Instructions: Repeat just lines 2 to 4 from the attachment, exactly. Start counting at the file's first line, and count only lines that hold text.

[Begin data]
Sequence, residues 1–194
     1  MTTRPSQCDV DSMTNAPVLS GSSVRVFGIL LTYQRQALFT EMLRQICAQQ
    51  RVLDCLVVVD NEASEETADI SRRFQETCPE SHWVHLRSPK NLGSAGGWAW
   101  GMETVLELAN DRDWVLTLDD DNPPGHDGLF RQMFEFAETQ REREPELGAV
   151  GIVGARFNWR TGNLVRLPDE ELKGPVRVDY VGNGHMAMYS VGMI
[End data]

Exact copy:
     1  MTTRPSQCDV DSMTNAPVLS GSSVRVFGIL LTYQRQALFT EMLRQICAQQ
    51  RVLDCLVVVD NEASEETADI SRRFQETCPE SHWVHLRSPK NLGSAGGWAW
   101  GMETVLELAN DRDWVLTLDD DNPPGHDGLF RQMFEFAETQ REREPELGAV